Case Study: Is Sustainable Change an Oxymoron?
“Is Sustainable Change an oxymoron? Would it be change if it was ‘sustained’ and didn’t change?” Obviously change is a disciple. Change is a culture. And when we talk about being sustainable we are describing a mental attitude; we are describing a discipline and not a point in time. Sustainable change is an environment where we are mentally and culturally focused on searching for and identifying opportunities for improvement.
As a disclaimer, a modern use of the term “sustainable” focuses on environmentally focused activities. That’s not how we are using the term Sustainable change in this article. For us sustainable refers to maintaining a change focused perspective and a change culture.
A few years back I was involved in the major organizational transformation of a military base which involved a restructuring of their maintenance facility. The primary change tool was Lean / Six Sigma. The impact of the changes were dramatic including a 80+ % reduction in some of the cycle times, a 50+ % reduction in inventory, a reduction in paperwork, travel time, inspections, etc. The over-all impact was that the throughput of the maintenance organization was nearly tripled.
Two years after the transformation a new general was given command of the base. This new general thought Lean was a lot of “smoke and mirrors.” He had never experienced the Lean change process and had no faith in it. He trusted tradition and changed everything back to the way it was before the transformation. He re-instituted the paperwork trail and the inspections that existed prior to the transformation, and the throughput improvements were quickly eliminated.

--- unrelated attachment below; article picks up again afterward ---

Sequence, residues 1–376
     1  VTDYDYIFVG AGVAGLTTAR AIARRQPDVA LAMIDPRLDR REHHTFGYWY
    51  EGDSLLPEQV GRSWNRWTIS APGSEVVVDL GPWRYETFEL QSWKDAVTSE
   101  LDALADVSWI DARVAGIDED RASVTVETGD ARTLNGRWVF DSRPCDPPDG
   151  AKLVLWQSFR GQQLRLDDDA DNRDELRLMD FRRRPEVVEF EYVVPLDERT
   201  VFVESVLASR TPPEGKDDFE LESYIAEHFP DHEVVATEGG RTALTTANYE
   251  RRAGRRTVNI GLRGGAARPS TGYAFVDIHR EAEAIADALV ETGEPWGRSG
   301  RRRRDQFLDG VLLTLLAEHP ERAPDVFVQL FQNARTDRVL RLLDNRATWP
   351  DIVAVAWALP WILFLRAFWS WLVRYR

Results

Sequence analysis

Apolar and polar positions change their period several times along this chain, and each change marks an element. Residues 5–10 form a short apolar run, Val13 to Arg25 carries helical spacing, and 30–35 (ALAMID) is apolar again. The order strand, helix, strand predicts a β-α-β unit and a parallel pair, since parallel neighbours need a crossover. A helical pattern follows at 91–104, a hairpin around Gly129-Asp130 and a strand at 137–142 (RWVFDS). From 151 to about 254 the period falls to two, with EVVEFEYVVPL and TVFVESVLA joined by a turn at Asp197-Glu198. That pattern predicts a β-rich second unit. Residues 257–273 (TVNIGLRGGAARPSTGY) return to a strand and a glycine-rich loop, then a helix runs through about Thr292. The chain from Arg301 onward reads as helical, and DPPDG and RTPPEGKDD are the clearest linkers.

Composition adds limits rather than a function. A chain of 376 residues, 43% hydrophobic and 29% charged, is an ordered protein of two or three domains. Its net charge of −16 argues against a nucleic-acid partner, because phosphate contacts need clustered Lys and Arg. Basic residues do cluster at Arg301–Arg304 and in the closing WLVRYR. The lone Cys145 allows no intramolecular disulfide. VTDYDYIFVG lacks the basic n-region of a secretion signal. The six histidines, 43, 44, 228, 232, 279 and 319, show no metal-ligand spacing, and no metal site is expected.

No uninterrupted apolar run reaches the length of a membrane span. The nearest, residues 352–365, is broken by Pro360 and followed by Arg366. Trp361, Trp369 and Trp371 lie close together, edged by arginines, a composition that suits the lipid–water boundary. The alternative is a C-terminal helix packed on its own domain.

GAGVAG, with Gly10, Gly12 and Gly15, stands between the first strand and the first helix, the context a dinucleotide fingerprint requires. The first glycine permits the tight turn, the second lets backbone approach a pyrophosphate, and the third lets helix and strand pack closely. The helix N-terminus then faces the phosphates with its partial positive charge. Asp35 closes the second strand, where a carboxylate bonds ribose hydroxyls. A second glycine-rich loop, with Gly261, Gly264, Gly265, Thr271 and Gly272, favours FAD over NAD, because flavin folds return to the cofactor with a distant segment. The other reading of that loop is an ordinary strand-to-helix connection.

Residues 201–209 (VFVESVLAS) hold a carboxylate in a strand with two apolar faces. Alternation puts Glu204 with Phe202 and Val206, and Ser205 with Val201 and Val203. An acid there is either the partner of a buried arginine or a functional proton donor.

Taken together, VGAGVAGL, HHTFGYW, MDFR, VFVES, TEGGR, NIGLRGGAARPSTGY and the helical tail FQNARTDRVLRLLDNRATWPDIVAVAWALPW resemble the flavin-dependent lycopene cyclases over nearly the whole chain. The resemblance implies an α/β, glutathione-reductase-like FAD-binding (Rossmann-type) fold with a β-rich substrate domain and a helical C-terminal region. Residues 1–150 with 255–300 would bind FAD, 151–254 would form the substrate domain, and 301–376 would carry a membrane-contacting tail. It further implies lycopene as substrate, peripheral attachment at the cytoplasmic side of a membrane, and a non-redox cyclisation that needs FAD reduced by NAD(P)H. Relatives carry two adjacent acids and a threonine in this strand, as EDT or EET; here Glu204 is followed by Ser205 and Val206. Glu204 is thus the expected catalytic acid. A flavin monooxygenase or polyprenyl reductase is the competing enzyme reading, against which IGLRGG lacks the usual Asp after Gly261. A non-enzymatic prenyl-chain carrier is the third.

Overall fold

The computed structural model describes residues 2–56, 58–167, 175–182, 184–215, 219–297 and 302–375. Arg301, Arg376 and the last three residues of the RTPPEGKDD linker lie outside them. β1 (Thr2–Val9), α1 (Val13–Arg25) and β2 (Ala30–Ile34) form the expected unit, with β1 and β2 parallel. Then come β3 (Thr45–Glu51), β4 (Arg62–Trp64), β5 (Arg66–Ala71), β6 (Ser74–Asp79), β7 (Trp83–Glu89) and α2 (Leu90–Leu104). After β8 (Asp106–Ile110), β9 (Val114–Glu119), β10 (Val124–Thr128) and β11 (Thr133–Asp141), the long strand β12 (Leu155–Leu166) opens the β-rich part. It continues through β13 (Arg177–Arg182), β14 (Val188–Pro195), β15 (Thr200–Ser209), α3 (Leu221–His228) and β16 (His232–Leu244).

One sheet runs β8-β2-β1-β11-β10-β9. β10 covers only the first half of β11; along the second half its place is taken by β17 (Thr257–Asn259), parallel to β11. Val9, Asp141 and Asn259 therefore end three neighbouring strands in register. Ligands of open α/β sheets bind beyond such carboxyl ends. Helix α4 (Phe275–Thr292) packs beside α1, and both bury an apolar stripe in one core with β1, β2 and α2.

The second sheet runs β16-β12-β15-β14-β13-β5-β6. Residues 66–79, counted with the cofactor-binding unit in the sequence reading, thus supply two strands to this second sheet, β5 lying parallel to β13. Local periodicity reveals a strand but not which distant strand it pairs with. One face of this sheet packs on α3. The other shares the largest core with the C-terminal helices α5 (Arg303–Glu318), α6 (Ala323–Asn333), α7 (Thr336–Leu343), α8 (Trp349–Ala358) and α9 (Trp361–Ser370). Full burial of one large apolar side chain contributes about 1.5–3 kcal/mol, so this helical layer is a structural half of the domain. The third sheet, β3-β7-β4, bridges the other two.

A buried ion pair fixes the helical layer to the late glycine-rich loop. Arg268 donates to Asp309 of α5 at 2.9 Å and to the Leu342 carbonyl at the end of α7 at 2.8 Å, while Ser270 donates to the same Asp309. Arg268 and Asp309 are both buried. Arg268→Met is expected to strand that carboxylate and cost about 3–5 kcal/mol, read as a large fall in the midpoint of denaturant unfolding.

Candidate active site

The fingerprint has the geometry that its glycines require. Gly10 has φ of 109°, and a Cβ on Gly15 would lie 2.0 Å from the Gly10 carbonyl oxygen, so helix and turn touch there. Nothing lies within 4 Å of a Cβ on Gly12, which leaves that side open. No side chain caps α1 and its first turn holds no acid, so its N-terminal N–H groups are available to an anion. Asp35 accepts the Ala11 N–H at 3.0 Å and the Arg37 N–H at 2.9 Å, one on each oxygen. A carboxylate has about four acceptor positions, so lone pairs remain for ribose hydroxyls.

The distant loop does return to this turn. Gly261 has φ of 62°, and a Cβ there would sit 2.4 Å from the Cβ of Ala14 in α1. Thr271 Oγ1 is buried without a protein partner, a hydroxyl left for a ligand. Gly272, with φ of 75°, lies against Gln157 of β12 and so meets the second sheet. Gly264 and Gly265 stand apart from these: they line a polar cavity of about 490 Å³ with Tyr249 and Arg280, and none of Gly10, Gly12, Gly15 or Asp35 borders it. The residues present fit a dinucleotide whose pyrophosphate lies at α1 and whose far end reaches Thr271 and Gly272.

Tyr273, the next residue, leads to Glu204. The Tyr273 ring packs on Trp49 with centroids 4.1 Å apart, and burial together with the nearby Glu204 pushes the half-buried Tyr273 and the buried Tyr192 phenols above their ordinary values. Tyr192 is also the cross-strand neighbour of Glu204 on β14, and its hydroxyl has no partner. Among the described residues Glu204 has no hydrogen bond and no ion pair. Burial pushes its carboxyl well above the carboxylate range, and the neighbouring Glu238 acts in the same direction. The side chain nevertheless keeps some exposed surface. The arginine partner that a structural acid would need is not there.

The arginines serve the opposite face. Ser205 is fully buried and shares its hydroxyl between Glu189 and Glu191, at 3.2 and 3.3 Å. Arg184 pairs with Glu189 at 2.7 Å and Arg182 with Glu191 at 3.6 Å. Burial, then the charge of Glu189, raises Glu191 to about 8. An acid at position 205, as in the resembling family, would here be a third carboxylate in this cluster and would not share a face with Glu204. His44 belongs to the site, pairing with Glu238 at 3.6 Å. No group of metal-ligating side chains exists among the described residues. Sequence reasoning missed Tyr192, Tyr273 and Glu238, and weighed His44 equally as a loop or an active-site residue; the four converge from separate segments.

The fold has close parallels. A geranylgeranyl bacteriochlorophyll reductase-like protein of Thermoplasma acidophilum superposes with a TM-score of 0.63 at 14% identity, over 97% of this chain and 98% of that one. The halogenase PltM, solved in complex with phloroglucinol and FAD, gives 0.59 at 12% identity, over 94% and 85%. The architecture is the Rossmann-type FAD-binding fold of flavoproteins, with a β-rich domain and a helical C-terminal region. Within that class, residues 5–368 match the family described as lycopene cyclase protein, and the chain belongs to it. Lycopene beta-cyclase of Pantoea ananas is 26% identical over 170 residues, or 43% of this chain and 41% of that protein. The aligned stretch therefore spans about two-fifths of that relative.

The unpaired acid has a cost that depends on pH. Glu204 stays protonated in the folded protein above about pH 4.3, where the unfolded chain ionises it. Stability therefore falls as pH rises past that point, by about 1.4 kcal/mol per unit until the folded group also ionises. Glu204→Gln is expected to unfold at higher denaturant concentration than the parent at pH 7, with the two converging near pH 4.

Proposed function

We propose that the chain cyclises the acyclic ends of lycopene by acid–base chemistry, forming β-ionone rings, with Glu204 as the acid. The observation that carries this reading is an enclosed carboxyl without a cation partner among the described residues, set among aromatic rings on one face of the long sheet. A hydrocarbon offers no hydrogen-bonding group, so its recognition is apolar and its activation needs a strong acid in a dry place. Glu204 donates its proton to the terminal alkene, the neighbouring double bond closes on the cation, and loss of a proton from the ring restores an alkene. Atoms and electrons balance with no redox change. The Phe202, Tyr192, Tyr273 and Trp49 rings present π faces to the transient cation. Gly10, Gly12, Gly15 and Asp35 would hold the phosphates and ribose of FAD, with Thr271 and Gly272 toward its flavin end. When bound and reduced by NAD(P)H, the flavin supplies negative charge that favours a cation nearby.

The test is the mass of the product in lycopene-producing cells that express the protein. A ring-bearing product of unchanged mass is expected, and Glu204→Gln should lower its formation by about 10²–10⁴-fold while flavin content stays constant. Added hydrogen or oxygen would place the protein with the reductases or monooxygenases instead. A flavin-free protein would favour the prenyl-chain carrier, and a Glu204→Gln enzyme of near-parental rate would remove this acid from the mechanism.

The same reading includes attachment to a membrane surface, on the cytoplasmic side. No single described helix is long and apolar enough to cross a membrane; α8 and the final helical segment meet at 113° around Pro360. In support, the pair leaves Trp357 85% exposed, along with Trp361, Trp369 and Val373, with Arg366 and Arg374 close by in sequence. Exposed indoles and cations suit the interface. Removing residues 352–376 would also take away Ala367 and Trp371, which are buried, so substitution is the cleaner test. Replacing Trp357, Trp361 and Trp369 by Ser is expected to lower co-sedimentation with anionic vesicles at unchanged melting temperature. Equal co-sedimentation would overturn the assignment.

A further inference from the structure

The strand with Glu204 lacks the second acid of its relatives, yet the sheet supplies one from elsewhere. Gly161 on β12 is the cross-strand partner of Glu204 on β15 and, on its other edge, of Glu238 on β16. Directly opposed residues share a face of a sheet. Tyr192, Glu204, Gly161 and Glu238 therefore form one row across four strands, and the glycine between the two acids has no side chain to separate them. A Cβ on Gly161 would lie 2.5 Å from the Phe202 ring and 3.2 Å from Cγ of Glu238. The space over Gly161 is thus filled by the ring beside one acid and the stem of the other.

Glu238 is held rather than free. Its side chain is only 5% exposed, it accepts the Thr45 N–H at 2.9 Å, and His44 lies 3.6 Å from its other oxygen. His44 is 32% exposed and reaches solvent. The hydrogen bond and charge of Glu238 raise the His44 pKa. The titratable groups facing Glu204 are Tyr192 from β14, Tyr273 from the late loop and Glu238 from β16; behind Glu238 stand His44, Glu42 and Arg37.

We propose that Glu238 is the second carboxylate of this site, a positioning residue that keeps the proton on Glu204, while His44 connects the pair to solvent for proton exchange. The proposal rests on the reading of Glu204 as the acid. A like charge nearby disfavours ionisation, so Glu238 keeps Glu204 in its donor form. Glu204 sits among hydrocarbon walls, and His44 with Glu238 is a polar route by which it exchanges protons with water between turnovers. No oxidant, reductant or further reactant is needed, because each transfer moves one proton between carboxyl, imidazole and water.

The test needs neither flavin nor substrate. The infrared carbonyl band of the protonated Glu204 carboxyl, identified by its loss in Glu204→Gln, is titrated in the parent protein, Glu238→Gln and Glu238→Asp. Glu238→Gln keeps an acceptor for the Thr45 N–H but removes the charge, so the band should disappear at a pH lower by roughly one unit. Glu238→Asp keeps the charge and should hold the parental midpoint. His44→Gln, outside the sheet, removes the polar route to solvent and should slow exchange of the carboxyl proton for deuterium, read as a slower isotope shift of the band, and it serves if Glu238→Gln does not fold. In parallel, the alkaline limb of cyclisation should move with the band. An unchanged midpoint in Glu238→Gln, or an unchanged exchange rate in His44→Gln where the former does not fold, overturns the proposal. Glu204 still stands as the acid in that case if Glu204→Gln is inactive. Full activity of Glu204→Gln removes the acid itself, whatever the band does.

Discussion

What happened? Why, in spite of the obvious improvements, were the successful changes eliminated? In order to take a look at this failure we need to begin by defining some of the terminology. What is sustainability? What is change?
There are numerous models for change, each claiming to be the answer to all your pains. Here are a few of the more popular examples:
TPS (Toyota Production System) – Within TPS we find the roots of many of our current change management models. For example TQM (Total Quality Management), Lean, Six Sigma, Quality Functional Deployment (QFD), Hoshin, etc. are all change methodologies founded on TPS. We Westerners have the habit of searching for one piece of TPS which is the golden coin that we hope will define TPS success. Over time we have migrated from the simplistic to the more complete version of TPS. Today the favorite TPS change model is called Lean.